Q. What are some of the challenges that state and local governments face in their respose to COVID-19?

We’ve been through health crises before, including SARS, Ebola, and H1N1, but those were largely localized. State and local governments are managing a crisis on a scale that really has not been previously experienced. This is global, and it’s affecting everyone. It’s not only a health crisis, but an economic crisis. So it’s a crisis that’s multifaceted and it calls upon the very best of state and local government services to mount effective responses.

Q. When did it become apparent that the public sector would need to overhaul how it traditionally handled contact tracing in order to effectively respond to this pandemic?

It became evident in March that a more modern approach to contact tracing was needed. Contact tracing itself is a relatively mature practice and has been used globally to effectively address outbreaks. The practice is well-known, but the technologies that support it have rapidly advanced.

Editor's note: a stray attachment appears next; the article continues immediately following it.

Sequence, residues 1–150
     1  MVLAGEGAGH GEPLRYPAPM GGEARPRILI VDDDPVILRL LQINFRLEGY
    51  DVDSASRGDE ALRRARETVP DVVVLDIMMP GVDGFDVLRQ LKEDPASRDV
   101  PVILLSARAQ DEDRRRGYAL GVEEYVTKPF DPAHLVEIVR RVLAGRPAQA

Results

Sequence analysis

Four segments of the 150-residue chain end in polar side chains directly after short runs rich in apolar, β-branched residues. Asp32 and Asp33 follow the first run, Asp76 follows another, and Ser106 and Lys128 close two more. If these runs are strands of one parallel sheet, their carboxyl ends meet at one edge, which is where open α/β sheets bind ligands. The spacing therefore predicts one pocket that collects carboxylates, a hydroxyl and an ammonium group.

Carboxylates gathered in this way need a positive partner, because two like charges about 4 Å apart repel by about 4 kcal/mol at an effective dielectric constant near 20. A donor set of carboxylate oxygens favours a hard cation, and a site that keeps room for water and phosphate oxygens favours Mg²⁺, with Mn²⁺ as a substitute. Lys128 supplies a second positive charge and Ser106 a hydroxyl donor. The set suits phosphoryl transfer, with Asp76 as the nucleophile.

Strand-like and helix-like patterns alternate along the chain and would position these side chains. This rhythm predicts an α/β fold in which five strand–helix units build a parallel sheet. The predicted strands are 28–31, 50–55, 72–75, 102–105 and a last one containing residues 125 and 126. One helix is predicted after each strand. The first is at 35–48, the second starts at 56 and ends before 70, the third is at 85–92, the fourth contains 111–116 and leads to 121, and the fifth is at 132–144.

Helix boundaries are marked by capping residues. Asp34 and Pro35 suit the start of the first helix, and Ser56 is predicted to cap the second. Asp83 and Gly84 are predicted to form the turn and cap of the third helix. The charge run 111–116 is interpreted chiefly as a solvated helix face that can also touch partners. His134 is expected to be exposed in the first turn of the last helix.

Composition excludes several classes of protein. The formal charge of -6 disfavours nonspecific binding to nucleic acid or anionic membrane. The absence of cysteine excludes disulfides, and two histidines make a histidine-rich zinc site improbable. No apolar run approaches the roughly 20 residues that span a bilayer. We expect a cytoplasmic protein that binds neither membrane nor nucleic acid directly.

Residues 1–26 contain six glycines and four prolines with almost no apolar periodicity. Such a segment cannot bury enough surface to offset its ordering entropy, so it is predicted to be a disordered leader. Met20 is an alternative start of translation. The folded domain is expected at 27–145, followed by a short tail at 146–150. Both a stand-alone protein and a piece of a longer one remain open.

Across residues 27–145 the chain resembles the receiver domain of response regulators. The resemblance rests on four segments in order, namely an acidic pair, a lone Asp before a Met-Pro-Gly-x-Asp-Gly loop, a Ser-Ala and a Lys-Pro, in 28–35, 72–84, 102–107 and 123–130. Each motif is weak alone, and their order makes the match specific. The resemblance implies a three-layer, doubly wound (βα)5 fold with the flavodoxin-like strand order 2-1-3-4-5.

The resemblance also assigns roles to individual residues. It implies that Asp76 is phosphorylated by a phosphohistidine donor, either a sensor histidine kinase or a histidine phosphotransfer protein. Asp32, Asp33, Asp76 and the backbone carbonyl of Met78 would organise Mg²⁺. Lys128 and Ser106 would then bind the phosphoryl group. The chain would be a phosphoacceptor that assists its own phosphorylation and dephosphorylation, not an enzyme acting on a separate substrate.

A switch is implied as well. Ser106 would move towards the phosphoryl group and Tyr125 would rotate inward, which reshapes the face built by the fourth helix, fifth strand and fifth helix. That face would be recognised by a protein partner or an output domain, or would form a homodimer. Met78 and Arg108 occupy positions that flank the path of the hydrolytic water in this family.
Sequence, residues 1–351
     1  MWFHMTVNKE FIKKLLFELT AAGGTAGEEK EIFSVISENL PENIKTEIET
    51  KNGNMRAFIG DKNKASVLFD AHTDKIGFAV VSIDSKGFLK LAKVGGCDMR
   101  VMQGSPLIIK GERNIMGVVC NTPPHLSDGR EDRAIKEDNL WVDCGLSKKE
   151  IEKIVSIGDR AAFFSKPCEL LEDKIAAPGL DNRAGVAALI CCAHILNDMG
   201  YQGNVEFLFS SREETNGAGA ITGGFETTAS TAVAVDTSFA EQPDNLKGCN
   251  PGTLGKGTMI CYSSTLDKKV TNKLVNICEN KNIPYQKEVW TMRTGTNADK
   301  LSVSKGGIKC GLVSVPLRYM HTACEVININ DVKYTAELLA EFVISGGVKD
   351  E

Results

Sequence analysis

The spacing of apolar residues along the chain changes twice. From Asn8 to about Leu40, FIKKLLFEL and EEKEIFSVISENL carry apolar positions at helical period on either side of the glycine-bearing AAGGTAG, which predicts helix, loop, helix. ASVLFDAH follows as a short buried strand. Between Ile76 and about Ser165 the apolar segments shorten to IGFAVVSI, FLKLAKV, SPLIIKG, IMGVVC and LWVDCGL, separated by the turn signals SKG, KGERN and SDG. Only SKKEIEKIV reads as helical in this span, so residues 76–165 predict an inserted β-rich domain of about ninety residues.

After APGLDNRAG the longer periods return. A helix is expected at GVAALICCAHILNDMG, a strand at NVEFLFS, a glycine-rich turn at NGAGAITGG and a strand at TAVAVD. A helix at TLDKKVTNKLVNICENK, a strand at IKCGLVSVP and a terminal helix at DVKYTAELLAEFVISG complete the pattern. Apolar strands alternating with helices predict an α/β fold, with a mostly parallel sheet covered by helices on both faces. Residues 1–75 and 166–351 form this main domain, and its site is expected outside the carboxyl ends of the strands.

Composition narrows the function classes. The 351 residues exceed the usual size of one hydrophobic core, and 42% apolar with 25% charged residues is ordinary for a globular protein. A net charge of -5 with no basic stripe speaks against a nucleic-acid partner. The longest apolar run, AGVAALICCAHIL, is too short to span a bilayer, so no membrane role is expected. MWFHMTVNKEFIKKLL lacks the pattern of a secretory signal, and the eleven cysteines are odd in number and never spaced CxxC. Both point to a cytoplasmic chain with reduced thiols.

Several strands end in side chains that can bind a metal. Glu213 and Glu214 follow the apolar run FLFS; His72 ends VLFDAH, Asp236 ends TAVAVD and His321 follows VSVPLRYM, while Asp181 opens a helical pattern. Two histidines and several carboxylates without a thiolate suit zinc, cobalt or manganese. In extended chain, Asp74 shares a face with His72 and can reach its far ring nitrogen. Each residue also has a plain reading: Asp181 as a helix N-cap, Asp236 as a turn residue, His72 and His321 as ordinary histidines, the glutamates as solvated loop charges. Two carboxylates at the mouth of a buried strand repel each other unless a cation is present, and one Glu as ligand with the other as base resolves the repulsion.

The opportunity to employ technology differently was, in our experience, spearheaded by some of the smaller states like Rhode Island, where Governor Raimondo was really a visionary in understanding the need to take action quickly.

Previous to the partnership with Salesforce, Rhode Island used just paper-based contact tracing. You can imagine the manual effort. Just from one infected person, you might be talking to dozens of people that come in contact with that person and the scale of it rapidly becomes overwhelming. You have to write it down, then you have to enter it into a system and conduct an analysis. And then you have to go take more paper and contact the next set of people. That process is time-consuming, error-prone, and slow. It’s hard to find enough people to hire as contact tracers to be able to deal with this at scale.

The Salesforce platform has helped Rhode Island move quickly and scale up with a smaller number of contact tracers. Analytics are built directly into the platform to surface insights, make observations and provide recommendations, so you can track and be able to see graphically where you need to focus efforts.